At a minimum, I’d hope we can at least discuss spanking and not react to corporal discipline as if it is no different than domestic violence.

Published in: on September 16, 2014 at 5:00 pm  Comments (28)  
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Kids Don’t Have To Rebel


brother-and-sisterSo much talk these days is about millennials leaving the church. I know of one individual raised in a Christian home who went off to high-profile university and came back after four years disavowing Christianity. I know of a number of others who went to Christian schools through high school only to choose a lifestyle in contradiction of what they’d been taught. One such person living with her boyfriend says she still loves Jesus. She just doesn’t have time for church. Or apparently the things of the Bible.

But is this kind of attrition inevitable? Are Christian parents raising kids with little more than a flip-of-the-coin certainty that what they’re teaching will stick?

I watched literally hundreds of kids march through the Christian schools where I taught, and I have to say, parents have much better odds that their kids will follow the faith they’ve been taught if two things can be avoided and two things established.

First, parents should NOT try to shelter their kids from the world. First, it’s nearly a futile effort. I grew up in a Christian home but attended public schools. I shied away from talking with my parents about a number of things because I didn’t want to shock THEM. Because of their standards, and the fact that they didn’t raise hard issues, I was naive enough to think they were naive.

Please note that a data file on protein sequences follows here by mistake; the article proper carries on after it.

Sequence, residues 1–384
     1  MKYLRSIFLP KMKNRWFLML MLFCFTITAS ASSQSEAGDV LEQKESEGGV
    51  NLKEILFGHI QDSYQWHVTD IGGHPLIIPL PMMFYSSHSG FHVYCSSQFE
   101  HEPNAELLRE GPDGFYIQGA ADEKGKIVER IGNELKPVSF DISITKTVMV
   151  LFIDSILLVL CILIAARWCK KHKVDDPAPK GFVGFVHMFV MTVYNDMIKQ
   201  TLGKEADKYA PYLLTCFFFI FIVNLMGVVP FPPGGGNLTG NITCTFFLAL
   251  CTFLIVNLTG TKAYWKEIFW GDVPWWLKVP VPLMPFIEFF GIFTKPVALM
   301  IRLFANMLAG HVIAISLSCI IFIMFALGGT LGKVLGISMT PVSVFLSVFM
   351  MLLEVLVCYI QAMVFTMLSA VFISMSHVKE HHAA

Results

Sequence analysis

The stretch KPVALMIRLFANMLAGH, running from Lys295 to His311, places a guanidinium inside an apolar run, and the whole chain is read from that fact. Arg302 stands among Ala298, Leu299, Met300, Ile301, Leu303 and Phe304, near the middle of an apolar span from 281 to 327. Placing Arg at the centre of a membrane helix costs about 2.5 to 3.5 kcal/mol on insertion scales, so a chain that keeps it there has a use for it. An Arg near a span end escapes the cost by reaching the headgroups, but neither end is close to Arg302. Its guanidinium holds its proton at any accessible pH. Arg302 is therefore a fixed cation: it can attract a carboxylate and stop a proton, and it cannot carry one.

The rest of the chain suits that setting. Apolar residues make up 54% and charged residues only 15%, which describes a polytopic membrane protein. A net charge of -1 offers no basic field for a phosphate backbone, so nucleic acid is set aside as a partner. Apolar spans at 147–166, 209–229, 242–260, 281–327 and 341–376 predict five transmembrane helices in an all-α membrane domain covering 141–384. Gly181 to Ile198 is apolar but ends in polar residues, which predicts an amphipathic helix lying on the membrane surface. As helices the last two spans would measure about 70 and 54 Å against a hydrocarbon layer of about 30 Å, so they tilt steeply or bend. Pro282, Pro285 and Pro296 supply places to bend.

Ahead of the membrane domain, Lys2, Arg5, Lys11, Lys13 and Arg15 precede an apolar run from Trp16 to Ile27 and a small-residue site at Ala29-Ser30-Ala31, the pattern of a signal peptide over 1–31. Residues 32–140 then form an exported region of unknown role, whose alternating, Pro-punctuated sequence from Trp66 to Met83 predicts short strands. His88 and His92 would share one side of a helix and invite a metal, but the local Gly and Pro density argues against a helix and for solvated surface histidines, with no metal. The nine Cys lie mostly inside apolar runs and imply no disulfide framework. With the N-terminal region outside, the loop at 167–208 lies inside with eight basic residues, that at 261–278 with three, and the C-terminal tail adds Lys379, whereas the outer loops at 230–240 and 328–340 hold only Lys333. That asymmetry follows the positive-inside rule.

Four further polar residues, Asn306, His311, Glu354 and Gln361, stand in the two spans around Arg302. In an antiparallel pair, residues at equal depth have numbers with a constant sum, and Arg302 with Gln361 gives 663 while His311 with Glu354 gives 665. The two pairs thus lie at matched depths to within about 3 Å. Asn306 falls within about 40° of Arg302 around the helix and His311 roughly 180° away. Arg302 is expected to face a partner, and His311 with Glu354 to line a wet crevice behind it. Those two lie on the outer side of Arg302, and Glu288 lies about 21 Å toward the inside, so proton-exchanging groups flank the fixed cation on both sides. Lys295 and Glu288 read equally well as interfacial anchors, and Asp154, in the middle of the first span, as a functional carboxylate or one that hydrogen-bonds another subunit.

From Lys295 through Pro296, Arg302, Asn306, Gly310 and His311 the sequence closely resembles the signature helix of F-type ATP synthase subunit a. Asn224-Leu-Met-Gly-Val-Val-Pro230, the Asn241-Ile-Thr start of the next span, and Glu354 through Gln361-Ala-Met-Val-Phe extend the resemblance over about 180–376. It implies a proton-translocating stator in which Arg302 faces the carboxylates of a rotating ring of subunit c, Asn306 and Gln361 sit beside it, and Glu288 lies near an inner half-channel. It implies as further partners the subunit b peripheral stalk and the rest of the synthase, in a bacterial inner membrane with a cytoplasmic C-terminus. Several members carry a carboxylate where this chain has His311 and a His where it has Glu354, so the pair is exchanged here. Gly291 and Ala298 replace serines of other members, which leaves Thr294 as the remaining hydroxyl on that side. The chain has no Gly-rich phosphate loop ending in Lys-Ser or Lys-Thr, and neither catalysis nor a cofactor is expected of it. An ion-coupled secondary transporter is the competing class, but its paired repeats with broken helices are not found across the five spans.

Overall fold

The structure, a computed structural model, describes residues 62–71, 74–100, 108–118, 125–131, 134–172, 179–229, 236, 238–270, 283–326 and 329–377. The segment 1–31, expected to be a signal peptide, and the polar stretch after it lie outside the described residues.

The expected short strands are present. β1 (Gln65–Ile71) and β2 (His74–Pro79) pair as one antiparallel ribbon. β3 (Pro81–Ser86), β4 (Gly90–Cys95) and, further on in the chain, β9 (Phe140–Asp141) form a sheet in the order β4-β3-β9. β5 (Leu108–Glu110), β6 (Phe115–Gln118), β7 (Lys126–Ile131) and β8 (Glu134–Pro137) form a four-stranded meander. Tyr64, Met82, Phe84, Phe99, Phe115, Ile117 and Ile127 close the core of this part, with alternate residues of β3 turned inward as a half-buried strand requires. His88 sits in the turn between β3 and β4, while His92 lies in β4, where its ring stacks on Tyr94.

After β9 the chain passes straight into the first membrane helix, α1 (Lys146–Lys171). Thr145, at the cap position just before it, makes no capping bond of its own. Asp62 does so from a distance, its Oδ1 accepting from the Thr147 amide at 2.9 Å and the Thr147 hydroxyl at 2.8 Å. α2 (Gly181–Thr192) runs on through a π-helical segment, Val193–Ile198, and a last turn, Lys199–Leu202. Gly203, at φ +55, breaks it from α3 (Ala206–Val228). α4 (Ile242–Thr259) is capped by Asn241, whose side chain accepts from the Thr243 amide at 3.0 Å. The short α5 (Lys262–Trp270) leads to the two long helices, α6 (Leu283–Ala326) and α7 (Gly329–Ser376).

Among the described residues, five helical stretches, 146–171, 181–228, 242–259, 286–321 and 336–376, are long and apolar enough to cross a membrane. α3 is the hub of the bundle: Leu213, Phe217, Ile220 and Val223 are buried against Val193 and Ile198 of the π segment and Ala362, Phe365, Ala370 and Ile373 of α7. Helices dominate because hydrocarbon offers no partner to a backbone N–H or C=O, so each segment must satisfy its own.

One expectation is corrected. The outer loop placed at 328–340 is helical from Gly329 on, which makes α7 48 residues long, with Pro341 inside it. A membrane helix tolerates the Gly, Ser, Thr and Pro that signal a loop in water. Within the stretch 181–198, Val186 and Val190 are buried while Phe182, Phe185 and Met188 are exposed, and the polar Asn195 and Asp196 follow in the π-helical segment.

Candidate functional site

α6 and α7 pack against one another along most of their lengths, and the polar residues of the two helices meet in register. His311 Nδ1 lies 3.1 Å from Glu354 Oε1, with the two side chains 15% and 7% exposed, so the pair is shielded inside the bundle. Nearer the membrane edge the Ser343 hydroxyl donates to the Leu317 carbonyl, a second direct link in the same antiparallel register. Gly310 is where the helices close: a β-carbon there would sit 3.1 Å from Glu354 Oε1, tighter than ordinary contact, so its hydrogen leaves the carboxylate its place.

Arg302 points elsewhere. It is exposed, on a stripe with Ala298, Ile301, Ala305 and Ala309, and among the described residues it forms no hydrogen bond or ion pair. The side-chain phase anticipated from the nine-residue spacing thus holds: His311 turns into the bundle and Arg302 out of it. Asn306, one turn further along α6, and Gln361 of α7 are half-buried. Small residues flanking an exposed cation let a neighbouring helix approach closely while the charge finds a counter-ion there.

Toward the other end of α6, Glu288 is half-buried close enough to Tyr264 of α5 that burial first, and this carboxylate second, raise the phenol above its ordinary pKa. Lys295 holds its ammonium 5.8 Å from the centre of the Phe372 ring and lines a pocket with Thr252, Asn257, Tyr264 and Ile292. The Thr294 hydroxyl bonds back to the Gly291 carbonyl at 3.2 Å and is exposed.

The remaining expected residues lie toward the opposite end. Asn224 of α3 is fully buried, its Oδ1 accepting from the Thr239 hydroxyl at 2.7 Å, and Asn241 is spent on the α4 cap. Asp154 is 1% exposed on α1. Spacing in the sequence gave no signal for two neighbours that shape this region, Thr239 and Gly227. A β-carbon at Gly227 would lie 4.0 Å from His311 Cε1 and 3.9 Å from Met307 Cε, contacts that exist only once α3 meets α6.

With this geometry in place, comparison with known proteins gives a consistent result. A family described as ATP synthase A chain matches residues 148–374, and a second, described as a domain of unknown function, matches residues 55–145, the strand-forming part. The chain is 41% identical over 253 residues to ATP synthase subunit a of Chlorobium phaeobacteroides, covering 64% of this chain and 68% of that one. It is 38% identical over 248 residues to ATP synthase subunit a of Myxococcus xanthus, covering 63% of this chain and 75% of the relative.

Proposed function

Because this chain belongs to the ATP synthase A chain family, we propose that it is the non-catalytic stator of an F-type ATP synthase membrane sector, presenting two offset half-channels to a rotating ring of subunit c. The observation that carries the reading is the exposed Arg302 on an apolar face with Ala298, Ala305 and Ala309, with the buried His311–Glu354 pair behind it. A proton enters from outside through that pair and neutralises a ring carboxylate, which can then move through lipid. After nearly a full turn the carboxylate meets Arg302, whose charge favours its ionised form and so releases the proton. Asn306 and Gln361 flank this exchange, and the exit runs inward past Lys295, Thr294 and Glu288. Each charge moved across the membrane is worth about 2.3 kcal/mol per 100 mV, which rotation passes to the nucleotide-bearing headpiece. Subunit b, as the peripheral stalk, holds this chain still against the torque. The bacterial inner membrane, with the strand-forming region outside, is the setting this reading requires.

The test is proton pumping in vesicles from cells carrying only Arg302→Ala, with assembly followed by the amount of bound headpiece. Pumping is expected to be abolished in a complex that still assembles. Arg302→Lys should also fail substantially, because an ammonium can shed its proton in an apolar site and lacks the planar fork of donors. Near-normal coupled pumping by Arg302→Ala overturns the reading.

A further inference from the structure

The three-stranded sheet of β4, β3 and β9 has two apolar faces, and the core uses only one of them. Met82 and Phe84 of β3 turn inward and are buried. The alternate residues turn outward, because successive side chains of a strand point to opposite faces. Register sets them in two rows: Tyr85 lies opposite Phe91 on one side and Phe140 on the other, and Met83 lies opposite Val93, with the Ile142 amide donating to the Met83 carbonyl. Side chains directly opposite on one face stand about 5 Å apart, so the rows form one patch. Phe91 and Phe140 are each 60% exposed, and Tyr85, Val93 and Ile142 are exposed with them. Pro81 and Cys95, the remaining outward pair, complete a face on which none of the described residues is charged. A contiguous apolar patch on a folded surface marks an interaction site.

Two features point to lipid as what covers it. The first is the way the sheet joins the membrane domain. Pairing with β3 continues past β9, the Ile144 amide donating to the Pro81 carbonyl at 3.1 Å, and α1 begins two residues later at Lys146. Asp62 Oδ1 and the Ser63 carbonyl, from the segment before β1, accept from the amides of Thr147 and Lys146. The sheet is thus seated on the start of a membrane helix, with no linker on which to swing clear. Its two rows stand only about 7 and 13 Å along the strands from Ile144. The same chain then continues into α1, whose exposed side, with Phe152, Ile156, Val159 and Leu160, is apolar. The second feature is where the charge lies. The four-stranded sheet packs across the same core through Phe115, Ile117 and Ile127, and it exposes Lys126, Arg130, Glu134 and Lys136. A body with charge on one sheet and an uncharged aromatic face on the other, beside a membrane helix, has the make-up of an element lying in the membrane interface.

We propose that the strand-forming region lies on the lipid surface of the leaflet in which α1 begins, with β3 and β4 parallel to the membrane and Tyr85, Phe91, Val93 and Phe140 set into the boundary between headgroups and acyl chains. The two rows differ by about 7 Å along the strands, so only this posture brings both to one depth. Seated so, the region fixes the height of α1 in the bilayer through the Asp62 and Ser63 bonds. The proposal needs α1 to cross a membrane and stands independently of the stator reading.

I just saw a posting on Facebook about one of these movie rating sites, a spoof actually. But the reality is, there are sites that count the number of “questionable words,” detail every taste of alcohol, every puff of cigarette smoke, or whatever “unsafe” thing might be in the movie.

What a mistake! Kids know people drink, do drugs, have illicit sex, and much more. Or if they don’t, they will as soon as they go away to college. Then what? They’ll be on their own trying to make sense of the unsafe world they’ve been shielded from.

discussionFar better if parents would sit down with their kids and say, I know this movie shows a hero taking vengeance by killing the person he was supposed to arrest. What do you think about that? What do you think God’s word says about that? How would God want us to handle evil people?